The Story of Apollo - Amazon’s Deployment Engine
Automated deployments are the backbone of a strong DevOps environment. Without efficient, reliable, and repeatable software updates, engineers need to redirect their focus from developing new features to managing and debugging their deployments. Amazon first faced this challenge many years ago.
When making the move to a service-oriented architecture, Amazon refactored its software into small independent services and restructured its organization into small autonomous teams. Each team took on full ownership of the development and operation of a single service, and they worked directly with their customers to improve it. With this clear focus and control, the teams were able to quickly produce new features, but their deployment process soon became a bottleneck. Manual deployment steps slowed down releases and introduced bugs caused by human error. Many teams started to fully automate their deployments to fix this, but that was not as simple as it first appeared.
Deploying software to a single host is easy. You can SSH into a machine, run a script, get the result, and you’re done. The Amazon production environment, however, is more complex than that. Amazon web applications and web services run across large fleets of hosts spanning multiple data centers. The applications cannot afford any downtime, planned or otherwise. An automated deployment system needs to carefully sequence a software update across a fleet while it is actively receiving traffic. The system also requires the built-in logic to correctly respond to the many potential failure cases.
It didn’t make sense for each of the small service teams to duplicate this work, so Amazon created a shared internal deployment service called Apollo. Apollo’s job was to reliably deploy a specified set of software across a target fleet of hosts. Developers could define their software setup process for a single host, and Apollo would coordinate that update across an entire fleet of hosts. This made it easy for developers to “push-button” deploy their application to a development host for debugging, to a staging environment for tests, and finally to production to release an update to customers. The added efficiency and reliability of automated deployments removed the bottleneck and enabled the teams to rapidly deliver new features for their services.
Over time, Amazon has relied on and dramatically improved Apollo to fuel the constant stream of improvements to our web sites and web services. Thousands of Amazon developers use Apollo each day to deploy a wide variety of software, from Java, Python, and Ruby apps, to HTML web sites, to native code services. In the past 12 months alone, Apollo was used for 50M deployments to development, testing, and production hosts. That’s an average of more than one deployment each second.
The extensive use of Apollo inside Amazon has driven the addition of many valuable features. It can perform a rolling update across a fleet where only a fraction of the hosts are taken offline at a time to be upgraded, allowing an application to remain available during a deployment. If a fleet is distributed across separate data centers, Apollo will stripe the rolling update to simultaneously deploy to an equivalent number of hosts in each location. This keeps the fleet balanced and maximizes redundancy in the case of any unexpected events. When the fleet scales up to handle higher load, Apollo automatically installs the latest version of the software on the newly added hosts.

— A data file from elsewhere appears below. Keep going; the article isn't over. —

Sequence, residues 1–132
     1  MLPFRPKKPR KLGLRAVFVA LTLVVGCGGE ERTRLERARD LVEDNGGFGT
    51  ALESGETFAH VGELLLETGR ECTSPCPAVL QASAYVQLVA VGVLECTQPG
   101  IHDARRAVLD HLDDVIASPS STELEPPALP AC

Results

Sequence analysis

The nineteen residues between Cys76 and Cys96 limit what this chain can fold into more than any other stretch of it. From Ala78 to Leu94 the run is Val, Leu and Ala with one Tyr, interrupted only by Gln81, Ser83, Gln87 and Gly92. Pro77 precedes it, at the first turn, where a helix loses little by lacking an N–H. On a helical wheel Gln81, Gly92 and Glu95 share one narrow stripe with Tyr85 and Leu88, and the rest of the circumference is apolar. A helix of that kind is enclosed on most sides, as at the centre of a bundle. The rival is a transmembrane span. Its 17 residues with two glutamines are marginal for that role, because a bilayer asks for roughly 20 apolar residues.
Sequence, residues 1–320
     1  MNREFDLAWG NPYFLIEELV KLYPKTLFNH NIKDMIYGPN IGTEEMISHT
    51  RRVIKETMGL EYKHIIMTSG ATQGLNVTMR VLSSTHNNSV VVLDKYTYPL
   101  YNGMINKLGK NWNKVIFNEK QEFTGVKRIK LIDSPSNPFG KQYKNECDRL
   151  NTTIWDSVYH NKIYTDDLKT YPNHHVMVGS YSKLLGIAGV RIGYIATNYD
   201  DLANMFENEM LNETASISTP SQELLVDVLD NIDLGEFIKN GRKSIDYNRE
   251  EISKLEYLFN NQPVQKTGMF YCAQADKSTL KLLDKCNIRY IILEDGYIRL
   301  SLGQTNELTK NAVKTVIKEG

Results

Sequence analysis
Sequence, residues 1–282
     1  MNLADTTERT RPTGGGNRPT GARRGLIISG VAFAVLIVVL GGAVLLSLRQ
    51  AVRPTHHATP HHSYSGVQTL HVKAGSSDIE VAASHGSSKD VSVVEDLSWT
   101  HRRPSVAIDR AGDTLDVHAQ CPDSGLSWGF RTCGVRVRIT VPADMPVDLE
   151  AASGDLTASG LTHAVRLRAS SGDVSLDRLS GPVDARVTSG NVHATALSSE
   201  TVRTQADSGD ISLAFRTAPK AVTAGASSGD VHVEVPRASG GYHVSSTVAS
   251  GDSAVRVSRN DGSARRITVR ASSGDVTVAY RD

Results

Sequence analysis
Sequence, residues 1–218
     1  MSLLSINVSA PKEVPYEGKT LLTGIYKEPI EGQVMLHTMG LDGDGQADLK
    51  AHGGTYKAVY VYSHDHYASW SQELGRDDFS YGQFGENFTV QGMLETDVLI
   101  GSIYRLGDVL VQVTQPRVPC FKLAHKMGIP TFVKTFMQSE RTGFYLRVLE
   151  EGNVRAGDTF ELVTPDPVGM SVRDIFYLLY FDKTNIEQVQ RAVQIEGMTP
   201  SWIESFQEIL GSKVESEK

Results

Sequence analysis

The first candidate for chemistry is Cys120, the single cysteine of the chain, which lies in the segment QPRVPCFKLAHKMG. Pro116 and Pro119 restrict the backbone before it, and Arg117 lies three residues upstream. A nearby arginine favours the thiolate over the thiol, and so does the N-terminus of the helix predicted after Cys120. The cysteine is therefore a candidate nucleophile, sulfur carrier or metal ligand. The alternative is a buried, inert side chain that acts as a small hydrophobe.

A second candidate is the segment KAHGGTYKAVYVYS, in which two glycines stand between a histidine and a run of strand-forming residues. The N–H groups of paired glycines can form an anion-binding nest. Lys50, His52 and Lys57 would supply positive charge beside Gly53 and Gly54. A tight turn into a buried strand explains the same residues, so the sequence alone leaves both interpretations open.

Apollo also tracks the detailed deployment status on individual hosts, and that information is leveraged in many scenarios. If the number of failed host updates crosses a configurable threshold, Apollo will automatically halt a deployment before it affects the application availability. On the next deployment, such as a quick rollback to the prior version, Apollo will start updating these failed hosts first, thus bringing the whole fleet to a healthy state as quickly as possible. Developers can monitor ongoing deployments and view their history to answer important questions like “When was this code deployed into production, and which hosts are currently running it?” or “What version of the application was running in production last week?”
Many of our customers are facing similar issues as they increase the rate of their application updates. They’ve asked us how we do it, because they want to optimize their processes to achieve the same rapid delivery. Since automated deployments are a fundamental requirement for agile software delivery, we created a new service called AWS CodeDeploy.
CodeDeploy allows you to plug in your existing application setup logic, and then configure the desired deployment strategy across your fleets of EC2 instances. CodeDeploy will take care of orchestrating the fleet rollout, monitoring the status, and giving you a clear dashboard to control and track all of your deployments. It simplifies and standardizes your software release process so that developers can focus on what they do best –building new features for their customers. Jeff Barr’s blog post includes a great walkthrough of using CodeDeploy, and is a good place to start to gain a deeper understanding of the service.
AWS CodeDeploy is the first in a set of ALM services designed to help customers build a productive cloud development process. We look forward to sharing more about the internal processes and tools that Amazon uses for agile software delivery. Apollo is just one piece of a larger set of solutions. We’d like to hear about the ways that you think we can help improve your delivery process, so please connect directly with the product team on the CodeDeploy forum.